Cutaneous scarring with tissue fibrosis is the result of a postnatal wound healing process. The longer the duration and the excessive the inflammatory response in the healing course, the more likely is the development of aberrant scarring and severe tissue fibrosis. However, scar formation varies depending on the body site, the skin architecture and anchorage to underlying structures.
Little is known about the pathophysiological processes of genital cutaneous wound repair except for the general clinical statement that genital wounds heal fast, with enormous swelling and almost invisible scarring. In the following, I will describe features that are different between the genitalia and the skin of other areas of the body and that influence acute wound healing or chronic scarring (◘ Fig. 47.10). It is beyond the scope of this chapter to include urethral, vaginal, or anal epithelial repair; tissues that derive from different developmental origins and with differential healing behavior (e.g., ulcerations, adhesion or fistula formation) compared to genital skin.
Skin Architecture and Biomechanics
The genital skin has to master many challenges, for example, fast volume changes during sexual activity, sex steroid sensitivity with permanent hormonal changes, the presence of several body openings with constant commensal microbial presence, and infectious threats deriving from sexual contacts. In that context, it is breathtaking to understand the extraordinary adaption of the genital skin to its multiple tasks. To encounter aforementioned challenges, it is excellently equipped anatomically and physiologically to address specific features of the genital microenvironment.
Notably the male genital skin has to manage fast volume changes that occur during sexual activity and for thermal regulation of the testes. These physiological tasks are addressed by several means: (i) abundance of skin tissue on both the penile shaft and the scrotal sac, (ii) the Dartos fascia on the penile shaft and the Tunica Dartos with the Dartos muscle in the scrotum, and (iii) a high amount of elastic fibers in the dermis. In all three items, the genitalia differ from skin of other body areas that is firmly attached to the underlying structures by a rather immobile fat layer. High skin elasticity and abundance of tissue are the prerequisite for tension-free acute wound healing with unapparent scars—optimal repair conditions present in the genitalia. A drawback is the tendency of the outer genitals to enormous swelling and edema after surgery or trauma. The good side is that due to its elasticity and intricate lymphatics, the swelling of the genital tissue resolves as fast as it occurs in healthy subjects.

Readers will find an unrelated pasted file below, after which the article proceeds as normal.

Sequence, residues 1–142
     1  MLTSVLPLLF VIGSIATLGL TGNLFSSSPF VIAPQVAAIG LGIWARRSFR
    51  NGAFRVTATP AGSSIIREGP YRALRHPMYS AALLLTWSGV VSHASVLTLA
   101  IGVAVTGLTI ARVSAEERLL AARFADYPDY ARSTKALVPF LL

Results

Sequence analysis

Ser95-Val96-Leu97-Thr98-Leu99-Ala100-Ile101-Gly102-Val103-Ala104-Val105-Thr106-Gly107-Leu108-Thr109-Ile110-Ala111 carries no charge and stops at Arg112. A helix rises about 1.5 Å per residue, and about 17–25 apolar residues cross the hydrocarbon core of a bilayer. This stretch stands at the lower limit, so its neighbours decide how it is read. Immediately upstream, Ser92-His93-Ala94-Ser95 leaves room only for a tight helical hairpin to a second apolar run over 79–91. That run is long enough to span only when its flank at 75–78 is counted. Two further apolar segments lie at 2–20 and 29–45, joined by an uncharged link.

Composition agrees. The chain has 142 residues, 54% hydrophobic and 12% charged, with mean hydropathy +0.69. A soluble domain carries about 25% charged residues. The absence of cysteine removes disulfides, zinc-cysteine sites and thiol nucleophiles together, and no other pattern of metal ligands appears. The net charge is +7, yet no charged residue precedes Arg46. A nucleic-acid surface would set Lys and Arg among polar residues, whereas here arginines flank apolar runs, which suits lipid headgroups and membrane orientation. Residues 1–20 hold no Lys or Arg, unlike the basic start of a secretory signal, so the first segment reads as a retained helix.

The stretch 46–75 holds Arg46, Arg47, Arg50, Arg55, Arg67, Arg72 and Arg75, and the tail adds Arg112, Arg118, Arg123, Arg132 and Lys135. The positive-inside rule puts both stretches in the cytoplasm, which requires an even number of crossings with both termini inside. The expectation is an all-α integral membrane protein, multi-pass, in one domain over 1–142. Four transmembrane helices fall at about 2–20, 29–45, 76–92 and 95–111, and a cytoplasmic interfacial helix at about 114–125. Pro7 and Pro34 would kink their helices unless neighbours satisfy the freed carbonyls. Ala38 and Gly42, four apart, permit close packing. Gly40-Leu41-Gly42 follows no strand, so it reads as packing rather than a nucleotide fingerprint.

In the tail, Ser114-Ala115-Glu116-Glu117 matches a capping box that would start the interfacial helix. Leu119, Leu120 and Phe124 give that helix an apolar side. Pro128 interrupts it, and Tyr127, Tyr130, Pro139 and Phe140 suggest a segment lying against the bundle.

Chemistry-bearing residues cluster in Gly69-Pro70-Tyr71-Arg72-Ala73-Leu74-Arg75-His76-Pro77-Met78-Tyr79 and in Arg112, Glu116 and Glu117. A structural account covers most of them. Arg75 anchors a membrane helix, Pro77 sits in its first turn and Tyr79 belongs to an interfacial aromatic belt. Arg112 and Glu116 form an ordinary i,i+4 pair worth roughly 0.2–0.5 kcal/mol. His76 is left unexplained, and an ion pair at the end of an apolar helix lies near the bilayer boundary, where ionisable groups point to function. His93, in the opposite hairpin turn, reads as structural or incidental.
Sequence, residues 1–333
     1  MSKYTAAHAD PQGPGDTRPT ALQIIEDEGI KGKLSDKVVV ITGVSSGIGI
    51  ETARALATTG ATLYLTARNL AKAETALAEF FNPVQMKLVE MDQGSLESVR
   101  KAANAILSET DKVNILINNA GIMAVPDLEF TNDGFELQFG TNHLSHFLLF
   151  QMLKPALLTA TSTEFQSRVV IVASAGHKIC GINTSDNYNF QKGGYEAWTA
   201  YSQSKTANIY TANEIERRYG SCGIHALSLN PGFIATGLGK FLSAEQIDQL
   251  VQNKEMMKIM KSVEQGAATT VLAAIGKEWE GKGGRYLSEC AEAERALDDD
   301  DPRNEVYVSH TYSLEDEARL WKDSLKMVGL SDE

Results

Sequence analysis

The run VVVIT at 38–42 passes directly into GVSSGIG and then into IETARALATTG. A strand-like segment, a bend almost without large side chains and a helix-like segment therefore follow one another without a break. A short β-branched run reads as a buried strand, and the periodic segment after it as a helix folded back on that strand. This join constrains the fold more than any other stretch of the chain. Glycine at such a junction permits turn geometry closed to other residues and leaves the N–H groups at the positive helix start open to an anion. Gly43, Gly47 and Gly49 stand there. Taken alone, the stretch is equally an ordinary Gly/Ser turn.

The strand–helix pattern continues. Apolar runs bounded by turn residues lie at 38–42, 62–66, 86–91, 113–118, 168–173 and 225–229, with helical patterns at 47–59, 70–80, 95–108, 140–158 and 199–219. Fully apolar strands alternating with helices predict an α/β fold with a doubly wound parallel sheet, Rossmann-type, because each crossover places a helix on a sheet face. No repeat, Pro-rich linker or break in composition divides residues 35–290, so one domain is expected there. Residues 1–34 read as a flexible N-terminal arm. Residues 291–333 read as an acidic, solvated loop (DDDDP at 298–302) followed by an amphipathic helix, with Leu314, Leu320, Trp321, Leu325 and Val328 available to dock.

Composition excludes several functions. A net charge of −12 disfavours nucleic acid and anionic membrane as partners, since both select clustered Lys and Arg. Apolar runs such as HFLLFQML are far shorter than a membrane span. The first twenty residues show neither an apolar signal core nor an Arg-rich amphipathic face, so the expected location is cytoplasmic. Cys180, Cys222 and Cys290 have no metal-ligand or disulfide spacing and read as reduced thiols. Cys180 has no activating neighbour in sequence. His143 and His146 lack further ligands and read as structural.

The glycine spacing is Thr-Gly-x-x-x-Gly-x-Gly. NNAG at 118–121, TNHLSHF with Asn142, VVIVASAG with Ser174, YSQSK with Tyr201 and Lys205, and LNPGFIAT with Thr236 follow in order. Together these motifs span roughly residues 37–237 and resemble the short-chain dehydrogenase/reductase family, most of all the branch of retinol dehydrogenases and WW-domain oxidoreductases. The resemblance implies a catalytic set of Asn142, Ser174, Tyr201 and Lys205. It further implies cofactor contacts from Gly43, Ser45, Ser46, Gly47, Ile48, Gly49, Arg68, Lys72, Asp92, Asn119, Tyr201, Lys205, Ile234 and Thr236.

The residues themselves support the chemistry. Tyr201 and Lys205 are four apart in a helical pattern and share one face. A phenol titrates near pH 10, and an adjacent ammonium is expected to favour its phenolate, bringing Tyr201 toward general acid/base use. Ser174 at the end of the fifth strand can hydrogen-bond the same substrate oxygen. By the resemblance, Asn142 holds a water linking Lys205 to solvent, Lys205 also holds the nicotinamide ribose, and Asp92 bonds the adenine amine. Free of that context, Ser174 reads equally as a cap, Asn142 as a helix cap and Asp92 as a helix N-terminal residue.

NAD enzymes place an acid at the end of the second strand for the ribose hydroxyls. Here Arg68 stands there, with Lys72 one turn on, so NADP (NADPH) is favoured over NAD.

Moist Environment and Bacterial Colonialization
Urethral, vaginal, and anal orifices are transition zones between mucous membranes and keratinizing skin. As depicted previously, parts of the genitalia are covered by little or nonkeratinizing squamous epithelia. The secreted fluids of multiple glands prevent the exsiccation of mucous membranes and provide a moist micro-environment. It is an established fact that moist wound healing contributes to faster wound closure and reduced scarring.